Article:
Orange County, FL: GPS Monitoring On The Job
Each day, judges in Orange County, FL are faced with the difficult task of deciding what to do with those accused of violent crimes while they await trial. As of April 2, their option to include GPS tracking of these criminals was taken away, making this job even tougher.
But why did it happen in the first place? The company put in charge of monitoring the GPS bracelets chose not to notify authorities that Apopka’s Wilfred Gregory had removed his bracelet. Because of this, Gregory was able to shoot a man, and police were notified six hours later that he had removed his GPS tracking bracelet.
Although a judge suspended the GPS tracking program, the program is under review. The problem: roughly 50 violent offenders were released to the public with nothing tracking their activities.
Orange County Public Safety Director Linda Weinberg said, “So the thought was to have some of these cases reviewed by the judges, and if the judges felt it appropriate, could also add the component for GPS.” She called it a “stopgap measure,” adding a degree of protection for the public.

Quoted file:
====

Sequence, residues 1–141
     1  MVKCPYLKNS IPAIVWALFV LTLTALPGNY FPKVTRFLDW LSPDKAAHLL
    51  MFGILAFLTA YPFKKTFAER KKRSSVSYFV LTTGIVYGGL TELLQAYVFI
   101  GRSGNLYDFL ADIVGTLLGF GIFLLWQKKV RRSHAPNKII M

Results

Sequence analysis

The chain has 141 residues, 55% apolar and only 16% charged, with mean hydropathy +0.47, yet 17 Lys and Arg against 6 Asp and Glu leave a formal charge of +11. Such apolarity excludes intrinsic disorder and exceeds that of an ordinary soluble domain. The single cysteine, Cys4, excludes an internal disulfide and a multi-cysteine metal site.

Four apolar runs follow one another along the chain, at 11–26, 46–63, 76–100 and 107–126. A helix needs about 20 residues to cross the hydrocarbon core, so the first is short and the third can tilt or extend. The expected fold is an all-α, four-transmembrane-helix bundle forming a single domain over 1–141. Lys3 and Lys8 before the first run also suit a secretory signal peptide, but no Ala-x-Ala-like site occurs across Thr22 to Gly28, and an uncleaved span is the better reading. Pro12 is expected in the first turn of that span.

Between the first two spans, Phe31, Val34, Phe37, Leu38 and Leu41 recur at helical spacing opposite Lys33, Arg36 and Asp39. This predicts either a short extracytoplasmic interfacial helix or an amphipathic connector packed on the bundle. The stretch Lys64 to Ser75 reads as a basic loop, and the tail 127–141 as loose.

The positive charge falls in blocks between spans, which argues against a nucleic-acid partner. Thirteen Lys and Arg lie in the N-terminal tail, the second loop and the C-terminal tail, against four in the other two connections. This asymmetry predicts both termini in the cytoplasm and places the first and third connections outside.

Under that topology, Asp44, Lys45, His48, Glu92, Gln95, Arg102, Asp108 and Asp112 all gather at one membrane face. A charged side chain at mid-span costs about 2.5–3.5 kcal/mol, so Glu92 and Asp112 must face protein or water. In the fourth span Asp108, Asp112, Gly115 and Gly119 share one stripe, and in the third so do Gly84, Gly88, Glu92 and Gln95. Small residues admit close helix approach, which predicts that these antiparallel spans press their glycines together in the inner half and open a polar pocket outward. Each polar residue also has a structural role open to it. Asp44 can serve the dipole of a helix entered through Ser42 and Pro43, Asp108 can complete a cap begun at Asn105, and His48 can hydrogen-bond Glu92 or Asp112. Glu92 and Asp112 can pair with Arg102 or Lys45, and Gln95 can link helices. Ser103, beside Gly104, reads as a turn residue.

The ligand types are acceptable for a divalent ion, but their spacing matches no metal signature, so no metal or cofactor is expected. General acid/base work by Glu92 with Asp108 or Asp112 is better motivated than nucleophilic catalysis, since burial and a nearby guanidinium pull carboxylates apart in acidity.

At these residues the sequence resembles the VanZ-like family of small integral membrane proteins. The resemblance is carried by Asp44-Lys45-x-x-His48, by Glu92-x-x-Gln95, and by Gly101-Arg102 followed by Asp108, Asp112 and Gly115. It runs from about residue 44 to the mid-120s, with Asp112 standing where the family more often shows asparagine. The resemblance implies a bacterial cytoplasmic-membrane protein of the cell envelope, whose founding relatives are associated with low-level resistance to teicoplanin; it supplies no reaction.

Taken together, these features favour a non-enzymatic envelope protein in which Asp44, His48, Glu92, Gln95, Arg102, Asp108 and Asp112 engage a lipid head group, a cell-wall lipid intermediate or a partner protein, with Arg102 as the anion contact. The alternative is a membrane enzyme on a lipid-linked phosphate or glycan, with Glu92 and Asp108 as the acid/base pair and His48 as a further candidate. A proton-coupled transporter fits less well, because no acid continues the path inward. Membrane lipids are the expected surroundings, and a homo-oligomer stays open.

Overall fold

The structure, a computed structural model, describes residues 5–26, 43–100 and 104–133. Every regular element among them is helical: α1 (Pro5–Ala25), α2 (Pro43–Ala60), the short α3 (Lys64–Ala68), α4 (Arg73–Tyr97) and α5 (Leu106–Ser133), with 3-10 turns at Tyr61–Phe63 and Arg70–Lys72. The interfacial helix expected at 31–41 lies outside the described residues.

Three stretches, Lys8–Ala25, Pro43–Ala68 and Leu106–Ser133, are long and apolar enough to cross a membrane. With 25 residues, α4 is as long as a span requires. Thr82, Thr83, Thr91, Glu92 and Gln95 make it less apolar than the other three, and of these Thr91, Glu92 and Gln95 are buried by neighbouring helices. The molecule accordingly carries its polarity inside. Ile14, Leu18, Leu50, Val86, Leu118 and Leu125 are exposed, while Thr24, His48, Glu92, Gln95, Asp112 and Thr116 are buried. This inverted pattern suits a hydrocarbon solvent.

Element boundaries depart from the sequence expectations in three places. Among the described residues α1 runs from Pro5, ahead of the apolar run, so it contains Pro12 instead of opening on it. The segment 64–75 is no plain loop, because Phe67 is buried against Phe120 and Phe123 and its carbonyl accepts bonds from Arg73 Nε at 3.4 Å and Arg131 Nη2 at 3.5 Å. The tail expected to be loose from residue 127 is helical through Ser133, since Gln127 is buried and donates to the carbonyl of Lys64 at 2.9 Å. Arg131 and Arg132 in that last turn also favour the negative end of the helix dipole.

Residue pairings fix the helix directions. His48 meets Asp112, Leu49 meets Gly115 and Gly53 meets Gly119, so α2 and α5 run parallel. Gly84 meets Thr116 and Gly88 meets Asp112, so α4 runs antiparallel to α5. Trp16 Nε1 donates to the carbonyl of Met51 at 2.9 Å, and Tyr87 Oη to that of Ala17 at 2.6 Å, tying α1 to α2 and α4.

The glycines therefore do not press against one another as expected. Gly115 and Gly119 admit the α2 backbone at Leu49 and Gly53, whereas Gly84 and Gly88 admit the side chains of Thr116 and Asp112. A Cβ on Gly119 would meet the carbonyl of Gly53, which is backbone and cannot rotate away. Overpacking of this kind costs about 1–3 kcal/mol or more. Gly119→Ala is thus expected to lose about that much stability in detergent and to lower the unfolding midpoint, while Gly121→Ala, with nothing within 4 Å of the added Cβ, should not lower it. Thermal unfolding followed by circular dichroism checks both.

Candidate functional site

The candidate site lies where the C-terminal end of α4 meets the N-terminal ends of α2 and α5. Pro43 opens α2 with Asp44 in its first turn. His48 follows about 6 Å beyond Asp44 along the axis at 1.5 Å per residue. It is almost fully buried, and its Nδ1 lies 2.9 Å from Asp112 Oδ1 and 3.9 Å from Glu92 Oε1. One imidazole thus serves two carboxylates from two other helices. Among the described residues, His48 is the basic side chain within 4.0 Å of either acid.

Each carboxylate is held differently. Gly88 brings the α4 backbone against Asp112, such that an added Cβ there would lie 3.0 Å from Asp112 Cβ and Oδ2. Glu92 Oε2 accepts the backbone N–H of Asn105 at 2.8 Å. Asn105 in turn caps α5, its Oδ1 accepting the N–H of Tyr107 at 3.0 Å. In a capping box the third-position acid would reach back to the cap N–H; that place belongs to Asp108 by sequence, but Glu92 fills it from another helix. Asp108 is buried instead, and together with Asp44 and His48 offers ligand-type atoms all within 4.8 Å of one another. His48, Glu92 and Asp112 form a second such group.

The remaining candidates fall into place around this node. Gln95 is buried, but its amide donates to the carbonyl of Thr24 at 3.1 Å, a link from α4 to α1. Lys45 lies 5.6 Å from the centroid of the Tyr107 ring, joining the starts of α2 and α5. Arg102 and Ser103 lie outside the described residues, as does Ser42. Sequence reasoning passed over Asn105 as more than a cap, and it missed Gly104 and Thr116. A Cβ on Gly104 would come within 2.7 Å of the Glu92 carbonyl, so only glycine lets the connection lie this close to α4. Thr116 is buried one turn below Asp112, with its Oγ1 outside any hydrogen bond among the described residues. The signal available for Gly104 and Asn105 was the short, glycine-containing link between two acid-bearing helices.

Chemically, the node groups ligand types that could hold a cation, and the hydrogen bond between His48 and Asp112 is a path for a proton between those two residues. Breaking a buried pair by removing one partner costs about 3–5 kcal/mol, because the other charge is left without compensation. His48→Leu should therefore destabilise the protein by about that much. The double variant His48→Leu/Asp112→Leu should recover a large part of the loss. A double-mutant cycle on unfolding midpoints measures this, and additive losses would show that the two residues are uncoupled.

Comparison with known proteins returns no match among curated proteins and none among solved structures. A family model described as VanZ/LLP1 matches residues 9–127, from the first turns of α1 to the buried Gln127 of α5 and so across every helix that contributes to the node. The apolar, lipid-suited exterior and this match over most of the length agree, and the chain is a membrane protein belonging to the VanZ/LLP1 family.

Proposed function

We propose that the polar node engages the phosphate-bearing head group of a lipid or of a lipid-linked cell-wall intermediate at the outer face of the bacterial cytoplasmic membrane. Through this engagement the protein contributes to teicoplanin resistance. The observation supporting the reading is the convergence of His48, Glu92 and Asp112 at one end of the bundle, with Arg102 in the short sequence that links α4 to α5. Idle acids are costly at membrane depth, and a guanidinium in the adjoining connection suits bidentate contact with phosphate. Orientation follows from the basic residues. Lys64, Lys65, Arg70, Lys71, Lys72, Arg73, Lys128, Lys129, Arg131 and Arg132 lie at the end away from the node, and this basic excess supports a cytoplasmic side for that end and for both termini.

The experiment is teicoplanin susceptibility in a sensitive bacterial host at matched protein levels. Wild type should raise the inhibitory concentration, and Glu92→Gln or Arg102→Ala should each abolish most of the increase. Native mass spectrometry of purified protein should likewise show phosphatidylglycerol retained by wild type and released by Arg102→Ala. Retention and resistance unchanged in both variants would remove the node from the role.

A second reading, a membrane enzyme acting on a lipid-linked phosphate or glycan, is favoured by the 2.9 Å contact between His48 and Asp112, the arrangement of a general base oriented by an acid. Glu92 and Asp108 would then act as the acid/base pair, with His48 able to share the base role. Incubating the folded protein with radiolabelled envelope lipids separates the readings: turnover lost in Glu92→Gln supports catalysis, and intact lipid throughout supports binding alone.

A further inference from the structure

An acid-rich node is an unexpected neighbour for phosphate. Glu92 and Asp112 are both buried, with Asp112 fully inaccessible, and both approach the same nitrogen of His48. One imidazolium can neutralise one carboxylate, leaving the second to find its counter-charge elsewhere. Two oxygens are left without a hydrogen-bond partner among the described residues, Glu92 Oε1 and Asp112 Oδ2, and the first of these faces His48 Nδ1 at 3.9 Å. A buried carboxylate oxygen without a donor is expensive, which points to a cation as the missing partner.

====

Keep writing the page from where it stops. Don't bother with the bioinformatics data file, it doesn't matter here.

There are those detractors, like Rafael Zaldivar, the man whose son was killed: “It’s a flawed program. It’s a program that’s failing nationwide. It’s one of the programs that failed my son.”
Bessman Okafor killed his son, Alex Zaldivar, while on house arrest awaiting trial for a home invasion case.
Zaldivar hopes the courts take stronger action on these violent offenders. “I’d rather see them microchipped. Why not?” He also thinks the more violent offenders would do best in jail until their trial date.
It seems the county has contracted with 3M to provide electronic monitoring services, but people question the wisdom of this decision. “I just can’t believe this department didn’t know about this. and they don’t do a background check on them? They don’t check their resumes,” said Zaldivar.
He’s referencing the fact California called 3M’s GPS tracking bracelets “inaccurate” and “unreliable,” stating the alerts regarding tampering failed.
So why did Orange County choose these devices? Steve Triggs, a spokesman for the county, said, “We’re using 3M because we were able to piggyback on the Florida Department of Corrections contract. They have had no issues with 3M. 3M also does GPS all over the US and in 25 other nations. I can’t speak for the situation in California other than to say that they may not have been using the latest GPS technology.”
Orange County has an outside consulting firm investigating their home confinement and GPs programs. The results should be available at some point this month.